This clamping alternative is very similar to the concept used in the ‘hog tying’ system. Here, round wooden rods, or dowels, are inserted in the holes where the muffler clamps would be located. The dowels act as anchors as string is wound around them and the elongated clamping blocks (the counter blocks that are long enough to catch the string). This procedure requires dexterity and skill; working quickly and deftly is a necessity before the animal-hide glue gels and the rib slides out of alignment. I must admit, however, that watching it done well is a pleasure.
The ‘stepped block’ approach meanwhile allows the ends of the C-bout ribs to be pushed into place with a trapezoidal block and a small bar clamp. If evenly and squarely applied, this pressure forces the rib against the corner blocks and the inside mould. Ridges on the trapezoidal block face provide the friction to the rib ends.
"Stepped block" method
Positioning the mould in a vertical position is imperative. I use a Jorgensen clamp to hold the mould ‘on edge’ and to flip it over to glue the other side when ready. Another way is to clamp one end of the mould in a side-mounted bench vice at the edge of a workbench. But using a Jorgensen clamp makes this a portable system so that I can work wherever it is convenient – for example, where the glue pot that holds and heats my jar of animal hide glue is located.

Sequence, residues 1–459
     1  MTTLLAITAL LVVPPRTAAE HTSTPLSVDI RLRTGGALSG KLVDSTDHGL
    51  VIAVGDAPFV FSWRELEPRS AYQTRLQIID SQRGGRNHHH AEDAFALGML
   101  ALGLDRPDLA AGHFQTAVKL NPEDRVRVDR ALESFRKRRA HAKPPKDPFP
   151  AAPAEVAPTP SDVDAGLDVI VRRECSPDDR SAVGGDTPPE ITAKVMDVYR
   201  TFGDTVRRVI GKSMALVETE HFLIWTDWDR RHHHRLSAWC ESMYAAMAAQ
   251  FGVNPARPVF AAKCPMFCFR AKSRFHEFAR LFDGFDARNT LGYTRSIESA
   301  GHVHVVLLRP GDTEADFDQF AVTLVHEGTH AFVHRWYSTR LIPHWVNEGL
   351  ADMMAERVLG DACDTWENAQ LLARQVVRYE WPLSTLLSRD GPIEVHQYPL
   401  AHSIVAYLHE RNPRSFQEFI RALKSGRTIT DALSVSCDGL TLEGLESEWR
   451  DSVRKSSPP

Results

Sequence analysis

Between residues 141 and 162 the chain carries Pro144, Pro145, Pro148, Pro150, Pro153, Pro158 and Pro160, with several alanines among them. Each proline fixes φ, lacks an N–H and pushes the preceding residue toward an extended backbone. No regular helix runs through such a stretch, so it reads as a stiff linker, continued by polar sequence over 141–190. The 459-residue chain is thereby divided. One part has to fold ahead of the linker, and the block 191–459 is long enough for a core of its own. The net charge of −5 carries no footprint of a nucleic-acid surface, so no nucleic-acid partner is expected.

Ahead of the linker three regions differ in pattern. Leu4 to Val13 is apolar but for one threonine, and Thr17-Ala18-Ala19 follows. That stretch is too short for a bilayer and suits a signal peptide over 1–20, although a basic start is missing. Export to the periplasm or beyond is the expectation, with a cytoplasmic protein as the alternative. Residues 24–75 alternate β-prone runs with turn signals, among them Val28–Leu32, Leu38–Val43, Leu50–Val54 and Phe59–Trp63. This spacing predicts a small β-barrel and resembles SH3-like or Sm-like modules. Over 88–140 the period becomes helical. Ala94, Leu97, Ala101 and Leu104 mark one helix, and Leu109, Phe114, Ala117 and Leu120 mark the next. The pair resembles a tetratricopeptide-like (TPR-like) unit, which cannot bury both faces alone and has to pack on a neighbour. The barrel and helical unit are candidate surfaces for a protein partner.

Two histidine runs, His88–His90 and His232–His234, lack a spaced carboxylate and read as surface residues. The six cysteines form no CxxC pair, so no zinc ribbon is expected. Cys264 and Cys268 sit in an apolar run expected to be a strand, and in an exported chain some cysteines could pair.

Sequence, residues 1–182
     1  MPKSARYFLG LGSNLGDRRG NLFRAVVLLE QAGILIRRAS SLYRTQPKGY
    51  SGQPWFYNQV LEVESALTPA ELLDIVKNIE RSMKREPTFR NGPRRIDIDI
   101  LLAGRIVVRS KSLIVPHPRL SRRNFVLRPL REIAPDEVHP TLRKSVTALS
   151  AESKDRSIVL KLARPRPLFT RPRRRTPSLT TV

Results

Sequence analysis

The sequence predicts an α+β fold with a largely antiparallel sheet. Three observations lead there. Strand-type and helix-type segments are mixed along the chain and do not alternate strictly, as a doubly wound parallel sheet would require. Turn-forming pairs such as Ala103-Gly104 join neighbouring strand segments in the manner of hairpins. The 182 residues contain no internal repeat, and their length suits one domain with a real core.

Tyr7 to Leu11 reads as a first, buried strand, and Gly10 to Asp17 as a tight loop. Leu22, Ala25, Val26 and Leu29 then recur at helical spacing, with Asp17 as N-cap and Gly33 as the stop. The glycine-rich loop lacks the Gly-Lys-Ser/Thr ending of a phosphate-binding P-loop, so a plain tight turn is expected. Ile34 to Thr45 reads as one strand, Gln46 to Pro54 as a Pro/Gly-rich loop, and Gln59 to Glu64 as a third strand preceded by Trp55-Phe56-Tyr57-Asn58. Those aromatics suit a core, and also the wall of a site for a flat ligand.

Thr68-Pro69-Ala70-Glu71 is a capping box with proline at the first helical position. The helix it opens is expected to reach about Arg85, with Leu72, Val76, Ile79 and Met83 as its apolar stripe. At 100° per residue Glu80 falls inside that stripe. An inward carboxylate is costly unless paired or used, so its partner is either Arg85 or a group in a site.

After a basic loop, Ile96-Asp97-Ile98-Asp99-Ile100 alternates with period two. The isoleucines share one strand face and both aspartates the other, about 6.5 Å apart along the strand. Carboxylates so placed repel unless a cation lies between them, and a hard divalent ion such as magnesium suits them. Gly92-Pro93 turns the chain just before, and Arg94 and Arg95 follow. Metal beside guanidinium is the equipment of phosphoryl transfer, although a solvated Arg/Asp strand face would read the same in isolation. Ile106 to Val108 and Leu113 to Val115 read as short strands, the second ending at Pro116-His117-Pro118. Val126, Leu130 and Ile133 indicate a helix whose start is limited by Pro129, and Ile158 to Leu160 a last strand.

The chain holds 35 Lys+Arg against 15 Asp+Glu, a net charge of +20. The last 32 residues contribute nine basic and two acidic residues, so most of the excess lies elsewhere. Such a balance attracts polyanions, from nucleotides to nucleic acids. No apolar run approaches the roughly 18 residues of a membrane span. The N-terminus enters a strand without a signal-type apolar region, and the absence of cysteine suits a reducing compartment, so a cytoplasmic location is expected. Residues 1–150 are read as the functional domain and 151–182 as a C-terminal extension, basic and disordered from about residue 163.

Once the mould is secured vertically, I feed the muffler clamps through the clamping holes and loosely screw on the nuts in preparation for gluing. Each C-bout rib should be trimmed square and only overhang slightly from the corner blocks. This allows for easy adjustment of the muffler clamps and minimizes stress fractures when the ends of the ribs are later tapped with the hammer. Counter blocks are at the ready and clearly marked as to their eventual location – upper and lower – and the outside edges of these blocks are also labeled. The shape of the counter blocks should closely match the inside curve of the trimmed corner blocks.
Additional useful tools for the next stage of the process are a small hammer with a flat head, a narrow palette knife used to apply the glue between the C-bout rib and the corner block, and a quick clamp used occasionally to align and hold each rib in place while gluing.
A dry run is a very good idea. Here, the maker can check the positioning of the counter blocks and the clamps as well as the clamping pressure needed, and verify that all tools are easily at hand. There’s only about 30 seconds to play with before the glue starts to dry so it’s useful to acquaint your muscle and visual memory as well.